The face of fashion: How face masks became a brand marketing tool

Face masks are now a part of high fashion. Source: Vogue

Every brand knew that spring fashion would look different this year. With most urban centers passing stay-at-home orders to stem coronavirus’ spread, hundreds of thousands of storefronts have closed indefinitely. Disrupted supply chains have limited what brands can produce, and a strong focus on essential shopping has dampened consumer appetite. But even with all of these adversities, the fashion industry has pivoted quickly to offer something people are buying: face masks.

We’ve now seen two waves of high face-mask fashion: the early-responders and the marketing-minded. Early-responders were fast acting in response to our crisis. Many early-mover brands that retooled for face mask-making, like La Ligne and Clare V., prioritized relief efforts by donating to coronavirus charities. Others simply channeled their creative energies, adapted their couture style to make face masks beautiful accessories.

The freshest wave of fashion-mask makers took a little more time to think, and have figured out different “masks as marketing” strategies. High-end designers have introduced matching outfits, with spring patterns and luxurious materials. “Free mask with purchase” has become a hook to drive sales. And branded masks, both for sale and as give-aways, are providing free advertising for masstige and boutique brands alike.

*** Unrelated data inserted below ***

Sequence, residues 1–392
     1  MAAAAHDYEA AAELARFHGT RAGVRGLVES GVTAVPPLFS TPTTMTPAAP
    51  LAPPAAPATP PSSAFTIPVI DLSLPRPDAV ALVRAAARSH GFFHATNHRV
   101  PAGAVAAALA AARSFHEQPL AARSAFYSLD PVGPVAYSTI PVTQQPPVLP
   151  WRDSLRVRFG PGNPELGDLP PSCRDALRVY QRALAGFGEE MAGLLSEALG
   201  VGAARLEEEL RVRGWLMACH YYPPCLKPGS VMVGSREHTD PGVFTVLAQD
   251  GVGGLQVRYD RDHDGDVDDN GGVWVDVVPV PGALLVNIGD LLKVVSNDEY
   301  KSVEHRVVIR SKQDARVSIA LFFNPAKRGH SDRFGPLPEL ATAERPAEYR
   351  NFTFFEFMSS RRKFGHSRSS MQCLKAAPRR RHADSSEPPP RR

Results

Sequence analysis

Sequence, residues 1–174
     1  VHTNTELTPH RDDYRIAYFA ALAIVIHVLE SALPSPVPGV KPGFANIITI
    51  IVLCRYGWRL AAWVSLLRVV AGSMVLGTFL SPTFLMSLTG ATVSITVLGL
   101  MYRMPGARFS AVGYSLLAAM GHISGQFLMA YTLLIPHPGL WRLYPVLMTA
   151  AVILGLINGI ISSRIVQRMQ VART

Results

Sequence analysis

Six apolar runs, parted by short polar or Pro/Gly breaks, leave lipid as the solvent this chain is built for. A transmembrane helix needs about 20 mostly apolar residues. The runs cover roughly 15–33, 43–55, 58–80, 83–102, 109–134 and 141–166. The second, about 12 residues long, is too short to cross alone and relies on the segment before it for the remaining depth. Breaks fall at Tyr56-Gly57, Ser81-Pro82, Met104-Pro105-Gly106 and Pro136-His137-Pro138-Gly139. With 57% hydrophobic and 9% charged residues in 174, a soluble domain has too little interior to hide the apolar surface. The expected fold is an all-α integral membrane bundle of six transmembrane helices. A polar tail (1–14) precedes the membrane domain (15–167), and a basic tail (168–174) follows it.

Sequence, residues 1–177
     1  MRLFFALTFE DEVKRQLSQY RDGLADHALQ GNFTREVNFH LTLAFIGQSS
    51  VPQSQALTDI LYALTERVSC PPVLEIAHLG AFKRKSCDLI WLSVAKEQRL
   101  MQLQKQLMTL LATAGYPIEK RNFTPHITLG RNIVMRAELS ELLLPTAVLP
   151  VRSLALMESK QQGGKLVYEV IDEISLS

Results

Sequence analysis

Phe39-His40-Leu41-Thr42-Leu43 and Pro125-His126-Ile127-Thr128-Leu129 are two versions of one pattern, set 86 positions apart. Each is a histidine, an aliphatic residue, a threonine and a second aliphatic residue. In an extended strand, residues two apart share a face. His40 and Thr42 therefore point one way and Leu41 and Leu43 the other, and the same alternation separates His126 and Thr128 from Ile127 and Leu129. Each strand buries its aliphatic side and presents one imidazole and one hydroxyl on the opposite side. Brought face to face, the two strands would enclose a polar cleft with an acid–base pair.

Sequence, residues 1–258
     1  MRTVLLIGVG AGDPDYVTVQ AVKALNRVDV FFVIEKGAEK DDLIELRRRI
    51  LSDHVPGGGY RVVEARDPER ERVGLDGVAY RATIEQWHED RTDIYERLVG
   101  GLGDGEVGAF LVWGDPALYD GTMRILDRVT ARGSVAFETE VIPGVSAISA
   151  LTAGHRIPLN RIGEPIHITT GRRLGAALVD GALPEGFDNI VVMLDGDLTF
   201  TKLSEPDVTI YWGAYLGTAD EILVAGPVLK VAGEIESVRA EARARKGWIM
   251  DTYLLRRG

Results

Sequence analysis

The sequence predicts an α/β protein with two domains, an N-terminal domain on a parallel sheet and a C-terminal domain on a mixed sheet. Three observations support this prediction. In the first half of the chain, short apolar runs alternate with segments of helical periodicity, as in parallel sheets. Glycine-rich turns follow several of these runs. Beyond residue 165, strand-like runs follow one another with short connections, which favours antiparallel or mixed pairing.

Victoria’s Secret masks provide the PINK brand free advertising. Source: Victoria’s Secret

This industry pivot feels uniquely American. In countries like Korea, where mask wearing was more of a prior norm and more quickly adopted, fashionistas have focused more on eye-makeup than the actual mask aesthetic. America, it seems, is more masterful at driving spending. And looking at our annual ad spend, it’s no wonder: American companies spend 2.7x more on advertising compared to the next biggest spender, China. As they say, it takes money to make money.

The United States leads global marketing spend my a wide margin. Source: Statista

American companies are also exceptionally creative at inventing new market niches. I would have expected Victoria’s Secrets to come up with the provocative mask that looks like lingerie. But Katie May beat them to it.

If lace seems orthogonal to safe face coverage, Katie May begs to differ.

All in all, I tip my protective visor to the fashion industry for getting creative. One of the joys of living in New York is witnessing everyone’s self expression, and right now, the most universal way to do that is through face masks. I’ve collected a few now, with different fabrics, cuts, and patterns. It started out as a search for more comfort, and now, it’s become a statement.